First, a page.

The cool thing about being a linguist is that people ask you usage questions, and no matter what your response, they unquestioningly believe you. And if they don’t at first, they stop questioning you when you condescendingly admonish them that, yes, maybe you’re wrong, but then again you’re being paid not to be wrong about this sort of thing, and so maybe they ought to just trust you. And of course, this trust is almost always unwarranted, just as it was when I did math and people accepted my claims that 5+2 almost certainly equaled 8, just as it was when I was prom king and people foolishly accepted my claims that I was in fact stunningly attractive.

I bring this all up not to cast doubt on the veracity of the advice contained in this blog (I assure you that I am relatively scrupulous in my preparation of these blogposts) but rather to explain why I am delving into the issue of “a lot”. Surely thousands of internet personalities have already written about this, not to mention most every grammar book huckster. But a friend asked me about whether it was a lot or alot last night, and I gave him a quick answer (alot is bad) that I figured I’d check out in the rationality of the smoky early morning light.

The answer is that a lot is always properly two words. The OED does not have an entry for alot, and everywhere else that I’ve found an entry for alot is basically just a pointer to a lot, where one is told not to use alot. I’m not sure how alot came about — to me, it seems obviously wrong. I’ve got a couple of reasons why I analyze it as two words, though; you needn’t just believe me without justification:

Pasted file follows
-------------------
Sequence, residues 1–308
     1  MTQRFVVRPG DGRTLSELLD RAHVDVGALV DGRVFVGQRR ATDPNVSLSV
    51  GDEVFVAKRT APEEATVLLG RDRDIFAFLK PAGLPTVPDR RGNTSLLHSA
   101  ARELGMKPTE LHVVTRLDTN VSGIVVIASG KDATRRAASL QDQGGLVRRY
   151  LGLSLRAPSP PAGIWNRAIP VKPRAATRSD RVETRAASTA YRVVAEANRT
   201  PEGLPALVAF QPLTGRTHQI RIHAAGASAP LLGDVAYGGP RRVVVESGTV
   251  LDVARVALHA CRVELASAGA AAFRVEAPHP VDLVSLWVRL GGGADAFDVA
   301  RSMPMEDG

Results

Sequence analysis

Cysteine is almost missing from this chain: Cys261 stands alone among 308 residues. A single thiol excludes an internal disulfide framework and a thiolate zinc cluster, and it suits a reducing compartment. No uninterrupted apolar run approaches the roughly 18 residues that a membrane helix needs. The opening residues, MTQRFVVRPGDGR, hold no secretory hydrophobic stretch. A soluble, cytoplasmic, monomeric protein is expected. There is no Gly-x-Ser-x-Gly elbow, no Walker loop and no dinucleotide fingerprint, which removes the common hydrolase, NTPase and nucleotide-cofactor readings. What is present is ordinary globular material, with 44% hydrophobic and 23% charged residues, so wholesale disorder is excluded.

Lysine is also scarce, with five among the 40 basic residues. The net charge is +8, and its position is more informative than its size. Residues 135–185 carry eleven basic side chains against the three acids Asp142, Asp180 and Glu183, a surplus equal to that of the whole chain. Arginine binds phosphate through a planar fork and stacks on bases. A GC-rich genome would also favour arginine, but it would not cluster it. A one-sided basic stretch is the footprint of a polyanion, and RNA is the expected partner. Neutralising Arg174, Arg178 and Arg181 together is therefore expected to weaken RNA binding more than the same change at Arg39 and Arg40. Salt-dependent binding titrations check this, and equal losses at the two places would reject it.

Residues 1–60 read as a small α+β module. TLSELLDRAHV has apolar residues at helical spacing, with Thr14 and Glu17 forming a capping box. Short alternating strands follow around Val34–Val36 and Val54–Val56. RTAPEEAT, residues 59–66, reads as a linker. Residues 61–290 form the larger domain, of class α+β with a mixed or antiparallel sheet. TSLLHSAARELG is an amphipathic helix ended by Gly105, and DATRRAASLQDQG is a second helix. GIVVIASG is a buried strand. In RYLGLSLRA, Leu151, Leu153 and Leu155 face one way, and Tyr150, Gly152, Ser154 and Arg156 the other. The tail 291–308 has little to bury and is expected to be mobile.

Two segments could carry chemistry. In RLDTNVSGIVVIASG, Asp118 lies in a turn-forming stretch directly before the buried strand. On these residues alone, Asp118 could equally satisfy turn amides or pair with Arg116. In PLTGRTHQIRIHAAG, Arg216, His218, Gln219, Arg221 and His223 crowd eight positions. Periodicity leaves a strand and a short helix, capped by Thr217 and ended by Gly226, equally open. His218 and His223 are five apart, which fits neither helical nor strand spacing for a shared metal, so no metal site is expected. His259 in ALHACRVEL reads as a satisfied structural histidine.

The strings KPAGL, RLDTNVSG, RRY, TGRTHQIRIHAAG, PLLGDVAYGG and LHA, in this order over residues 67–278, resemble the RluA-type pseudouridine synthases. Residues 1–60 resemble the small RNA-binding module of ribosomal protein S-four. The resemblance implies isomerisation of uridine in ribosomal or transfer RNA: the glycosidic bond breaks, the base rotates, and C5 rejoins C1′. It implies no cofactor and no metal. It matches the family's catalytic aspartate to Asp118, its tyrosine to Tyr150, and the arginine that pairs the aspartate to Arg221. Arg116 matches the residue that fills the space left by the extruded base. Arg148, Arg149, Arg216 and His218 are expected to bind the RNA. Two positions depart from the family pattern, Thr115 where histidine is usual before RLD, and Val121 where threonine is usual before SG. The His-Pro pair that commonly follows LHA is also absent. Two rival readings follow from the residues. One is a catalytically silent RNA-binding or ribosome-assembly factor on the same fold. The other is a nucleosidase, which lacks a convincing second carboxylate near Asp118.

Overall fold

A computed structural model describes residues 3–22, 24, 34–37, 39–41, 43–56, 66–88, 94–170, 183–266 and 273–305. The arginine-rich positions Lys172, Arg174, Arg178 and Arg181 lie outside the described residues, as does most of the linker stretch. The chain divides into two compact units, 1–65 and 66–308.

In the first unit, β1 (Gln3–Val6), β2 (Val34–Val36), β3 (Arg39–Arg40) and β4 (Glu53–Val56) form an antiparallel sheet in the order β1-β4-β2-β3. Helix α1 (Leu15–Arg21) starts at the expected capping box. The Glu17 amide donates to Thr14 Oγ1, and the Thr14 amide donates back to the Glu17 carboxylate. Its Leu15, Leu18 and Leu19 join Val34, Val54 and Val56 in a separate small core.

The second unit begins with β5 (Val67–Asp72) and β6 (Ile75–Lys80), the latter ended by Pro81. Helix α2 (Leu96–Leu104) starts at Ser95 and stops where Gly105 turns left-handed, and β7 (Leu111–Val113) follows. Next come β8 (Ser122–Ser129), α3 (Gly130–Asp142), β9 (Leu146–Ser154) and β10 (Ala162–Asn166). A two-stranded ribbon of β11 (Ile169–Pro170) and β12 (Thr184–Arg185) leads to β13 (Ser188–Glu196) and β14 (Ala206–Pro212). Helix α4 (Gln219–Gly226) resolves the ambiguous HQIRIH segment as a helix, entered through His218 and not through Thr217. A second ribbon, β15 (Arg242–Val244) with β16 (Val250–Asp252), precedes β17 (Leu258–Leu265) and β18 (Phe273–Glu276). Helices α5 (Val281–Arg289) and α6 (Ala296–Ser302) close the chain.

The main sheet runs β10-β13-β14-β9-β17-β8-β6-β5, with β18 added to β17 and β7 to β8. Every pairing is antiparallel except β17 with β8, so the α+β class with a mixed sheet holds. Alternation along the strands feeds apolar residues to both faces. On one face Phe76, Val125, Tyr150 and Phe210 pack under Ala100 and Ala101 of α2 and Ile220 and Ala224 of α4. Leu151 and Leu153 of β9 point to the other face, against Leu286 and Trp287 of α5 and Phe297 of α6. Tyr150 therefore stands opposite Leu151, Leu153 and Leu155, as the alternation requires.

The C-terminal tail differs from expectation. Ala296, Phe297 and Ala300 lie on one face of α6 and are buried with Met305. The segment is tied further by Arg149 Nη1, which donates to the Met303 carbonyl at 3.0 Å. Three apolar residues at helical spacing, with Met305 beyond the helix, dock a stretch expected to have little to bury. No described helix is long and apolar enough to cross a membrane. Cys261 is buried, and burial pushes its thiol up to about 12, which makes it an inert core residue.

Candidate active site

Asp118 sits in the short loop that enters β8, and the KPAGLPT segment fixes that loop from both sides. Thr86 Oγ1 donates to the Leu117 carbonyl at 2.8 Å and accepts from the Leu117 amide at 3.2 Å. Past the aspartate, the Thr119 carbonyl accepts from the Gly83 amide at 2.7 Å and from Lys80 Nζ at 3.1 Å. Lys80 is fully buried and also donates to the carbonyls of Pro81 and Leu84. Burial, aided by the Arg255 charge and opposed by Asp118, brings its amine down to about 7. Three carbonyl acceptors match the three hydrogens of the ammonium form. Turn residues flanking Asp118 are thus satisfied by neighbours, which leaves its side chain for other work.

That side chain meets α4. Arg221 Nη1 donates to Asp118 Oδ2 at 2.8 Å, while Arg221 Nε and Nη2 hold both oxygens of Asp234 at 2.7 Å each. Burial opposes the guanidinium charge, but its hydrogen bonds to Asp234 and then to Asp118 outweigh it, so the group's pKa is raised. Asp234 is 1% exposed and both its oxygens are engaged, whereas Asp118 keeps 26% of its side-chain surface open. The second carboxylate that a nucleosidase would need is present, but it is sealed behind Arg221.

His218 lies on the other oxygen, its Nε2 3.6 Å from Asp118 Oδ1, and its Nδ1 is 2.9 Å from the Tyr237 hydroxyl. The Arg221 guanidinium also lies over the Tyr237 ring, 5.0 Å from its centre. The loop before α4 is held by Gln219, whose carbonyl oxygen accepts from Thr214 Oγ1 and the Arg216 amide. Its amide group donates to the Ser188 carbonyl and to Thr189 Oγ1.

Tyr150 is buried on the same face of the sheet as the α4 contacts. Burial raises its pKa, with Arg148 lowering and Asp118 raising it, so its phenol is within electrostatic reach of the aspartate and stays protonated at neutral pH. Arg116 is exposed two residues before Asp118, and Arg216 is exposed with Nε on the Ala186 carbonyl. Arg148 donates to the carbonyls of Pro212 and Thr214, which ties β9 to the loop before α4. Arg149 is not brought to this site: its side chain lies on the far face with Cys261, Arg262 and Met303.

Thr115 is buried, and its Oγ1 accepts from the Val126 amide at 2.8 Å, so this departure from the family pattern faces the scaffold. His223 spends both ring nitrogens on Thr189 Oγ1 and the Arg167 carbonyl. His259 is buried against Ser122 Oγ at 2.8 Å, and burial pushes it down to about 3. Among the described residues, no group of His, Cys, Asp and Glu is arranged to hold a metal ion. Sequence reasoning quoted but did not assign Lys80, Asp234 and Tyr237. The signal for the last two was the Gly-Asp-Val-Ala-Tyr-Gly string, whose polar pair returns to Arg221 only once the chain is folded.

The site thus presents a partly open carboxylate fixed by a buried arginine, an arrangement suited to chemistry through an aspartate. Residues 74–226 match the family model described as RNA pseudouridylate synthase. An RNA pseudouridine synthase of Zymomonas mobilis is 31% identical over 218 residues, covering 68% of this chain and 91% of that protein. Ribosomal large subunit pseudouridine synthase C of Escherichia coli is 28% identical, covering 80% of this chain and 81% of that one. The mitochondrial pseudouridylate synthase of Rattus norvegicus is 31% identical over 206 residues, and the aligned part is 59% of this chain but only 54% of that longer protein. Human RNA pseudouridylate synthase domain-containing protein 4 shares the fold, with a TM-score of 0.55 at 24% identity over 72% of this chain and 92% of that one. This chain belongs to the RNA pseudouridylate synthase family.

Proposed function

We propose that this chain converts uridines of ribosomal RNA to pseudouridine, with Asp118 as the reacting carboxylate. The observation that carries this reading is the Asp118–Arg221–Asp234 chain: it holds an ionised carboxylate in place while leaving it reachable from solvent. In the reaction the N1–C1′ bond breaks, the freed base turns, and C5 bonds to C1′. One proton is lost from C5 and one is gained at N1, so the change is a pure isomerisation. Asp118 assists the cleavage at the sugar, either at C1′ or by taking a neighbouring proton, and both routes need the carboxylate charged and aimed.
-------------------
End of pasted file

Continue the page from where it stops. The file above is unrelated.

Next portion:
1. You can add modifiers into the phrase, as in a whole lot, a great lot, or this little lot (apparently not contradictory in British English).
2. You can switch out each of the words separately, converting a lot to a ton, a bunch, this lot, or you lot.
3. Pluralizing a lot yields lots, not alots

So that’s why I always write a lot, and why I think you’re better off doing the same. While we’re on the topic, you’ll note that a lot of grammarians insist that, however you spell it, a lot is unacceptably colloquial for writing, and furthermore some apparently suggest that you should replace a lot with much. While I am sympathetic to the view that a lot/lots is somewhat colloquial (and thus at times out of place in formal writing), please ignore the second piece of advice. Much and a lot do not often fit in the same environments. If you want to replace a lot/lots of in your writing, I suggest a good/great deal of or a large amount of or a number of, which though basically the same as a lot of, somehow seem more lofty than our humble friend. You can also replace it with much or many, but be sure to choose the right one for the context. (Much talk has been devoted to this topic, but many of the expressed opinions are bunk.) But don’t shy away from a lot! Trust your ears; if it sounds better than the alternatives, stick with it. It has been in the language for almost 200 years for a reason.

Finally, a lot of writers claim that you’re supposed to use a lot only in positive contexts and replace it by much or many in negative ones. That’s definitely not the case. There is nothing wrong with There’s not a lot of sugar in the cupboard. If anyone says there is, demand an explanation — and savor the floundering response.

Summary: It’s not alot, it’s a lot. It’s not all that colloquial. It’s acceptable in negative contexts. And it’s not the same thing as much.

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The Inner Spaces series so far:
I: A lot about alot (10/24/07)
II: All right (10/26/07)
III: Can not be split? (10/27/07)
IV: It’s Been a While (01/14/08)